Japanese beetles are native to east Asia; however, they were accidentally introduced into the United States in 1916 (Encyclopedia Britannica Online). In North America they occur from Georgia west to Missouri, north to Ontario and east to Nova Scotia, with some populations now in California (NC Co-op Extension Service).
Japanese beetles can apparently live anywhere there is sufficient foliage to feed on. They are not limited to forests or grasslands, but often live on farms, cities, and even your garden.
Like all beetles, Japanese beetles have a hard exoskeleton and chewing mouthparts (Barnes, 1987). The adult beetle is 10-12 mm long with a metallic body (usually green or copper) and bronze wing covers (Fleming, 1972). These hardened wing covers are actually modified wings called elyptra (Meglitsch andSchram, 1991).
The Japanese beetle egg is white and almost translucent. It's shape is spherical and it is about 2 mm in diameter(www.ncsu.edu, 1).
The larvae are white grubs with a grayish cast to them because of the aggregation of soil and fecal material in their hindgut. They have a dark brown head and three pairs of legs. They are characterized by their "C"-shape form, grow to be about an inch long, and can be distinguished from other larvae by their "V"-shaped pattern of spines underneath their abdomen (Grupp, 1).
The pupa is usually 13 mm long and tan colored right up until the adult emerges, when it turns metallic green. Its appendages are pressed to the body, but otherwise it resembles the adult form(www.nscu.edu, 1).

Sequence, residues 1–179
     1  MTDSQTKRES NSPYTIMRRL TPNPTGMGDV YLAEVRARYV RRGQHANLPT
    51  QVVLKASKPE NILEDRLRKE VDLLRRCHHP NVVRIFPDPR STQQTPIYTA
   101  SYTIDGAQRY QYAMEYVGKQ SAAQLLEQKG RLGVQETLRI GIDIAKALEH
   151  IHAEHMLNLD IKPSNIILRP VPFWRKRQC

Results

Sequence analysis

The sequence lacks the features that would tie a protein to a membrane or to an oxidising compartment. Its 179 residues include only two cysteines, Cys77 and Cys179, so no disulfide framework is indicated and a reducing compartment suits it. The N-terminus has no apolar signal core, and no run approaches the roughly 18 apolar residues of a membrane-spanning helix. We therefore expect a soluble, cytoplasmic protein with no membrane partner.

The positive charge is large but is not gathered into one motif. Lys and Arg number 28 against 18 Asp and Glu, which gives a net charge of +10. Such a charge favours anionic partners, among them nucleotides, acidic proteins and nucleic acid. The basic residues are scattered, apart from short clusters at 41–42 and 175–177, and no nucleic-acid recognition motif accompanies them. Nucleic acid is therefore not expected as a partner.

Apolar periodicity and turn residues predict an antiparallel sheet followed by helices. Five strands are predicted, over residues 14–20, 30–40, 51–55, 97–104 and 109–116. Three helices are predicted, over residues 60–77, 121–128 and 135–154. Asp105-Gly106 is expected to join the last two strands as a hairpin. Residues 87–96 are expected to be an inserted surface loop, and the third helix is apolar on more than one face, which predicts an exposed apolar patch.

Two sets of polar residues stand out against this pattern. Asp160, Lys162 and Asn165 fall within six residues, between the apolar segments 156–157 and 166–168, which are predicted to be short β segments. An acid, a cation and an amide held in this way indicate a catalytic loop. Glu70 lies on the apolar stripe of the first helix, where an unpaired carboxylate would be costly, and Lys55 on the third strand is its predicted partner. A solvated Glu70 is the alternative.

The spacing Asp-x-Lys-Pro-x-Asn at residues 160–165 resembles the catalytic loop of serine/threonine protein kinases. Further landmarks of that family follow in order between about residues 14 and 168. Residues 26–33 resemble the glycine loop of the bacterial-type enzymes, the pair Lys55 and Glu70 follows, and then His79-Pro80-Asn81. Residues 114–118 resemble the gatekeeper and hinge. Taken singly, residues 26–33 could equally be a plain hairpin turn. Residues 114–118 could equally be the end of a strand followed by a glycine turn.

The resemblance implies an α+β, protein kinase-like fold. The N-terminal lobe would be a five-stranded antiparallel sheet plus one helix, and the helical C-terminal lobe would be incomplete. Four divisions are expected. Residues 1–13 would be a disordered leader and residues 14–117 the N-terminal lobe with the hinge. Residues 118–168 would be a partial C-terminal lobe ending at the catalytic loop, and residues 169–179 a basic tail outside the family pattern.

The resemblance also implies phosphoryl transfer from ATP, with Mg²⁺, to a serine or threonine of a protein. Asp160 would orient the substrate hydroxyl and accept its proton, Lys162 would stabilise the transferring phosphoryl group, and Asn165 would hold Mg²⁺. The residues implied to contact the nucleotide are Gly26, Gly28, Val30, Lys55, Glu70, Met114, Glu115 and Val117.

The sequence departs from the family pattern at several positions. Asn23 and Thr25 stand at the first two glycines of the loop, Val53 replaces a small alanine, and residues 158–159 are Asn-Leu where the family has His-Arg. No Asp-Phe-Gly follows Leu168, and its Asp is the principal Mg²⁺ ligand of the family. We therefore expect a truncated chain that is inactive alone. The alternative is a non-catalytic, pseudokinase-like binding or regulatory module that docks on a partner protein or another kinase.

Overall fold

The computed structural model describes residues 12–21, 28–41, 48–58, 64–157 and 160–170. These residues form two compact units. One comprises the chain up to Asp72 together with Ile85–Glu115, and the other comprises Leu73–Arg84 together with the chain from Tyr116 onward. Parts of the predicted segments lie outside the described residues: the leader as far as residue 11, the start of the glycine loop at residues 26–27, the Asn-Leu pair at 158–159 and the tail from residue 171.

Japanese beetle have one complete life cycle that lasts an entire year. In mid-summer, the adult beetles emerge from the pupal stage. During warm days, the beetles fly and congregate on host plants to feed and, more importantly, mate. After mating, that afternoon the females deposit one to four eggs in loose, moist soil. In the female beetle's life, she will produce 40-60 eggs. Two weeks after the eggs were deposited, the larva emerge. They feed on the fine roots of grass-like plants and remain active until cold weather, when they "hibernate" under the soil surface. When the soil warms up again in the spring, the larva move closer to the surface and resume feeding. Soon after that, the grubs remain inactive for a 10-day period until pupation begins. The pupal stage lasts for 8 to 20 days, then the adults emerge (North Carolina Extension).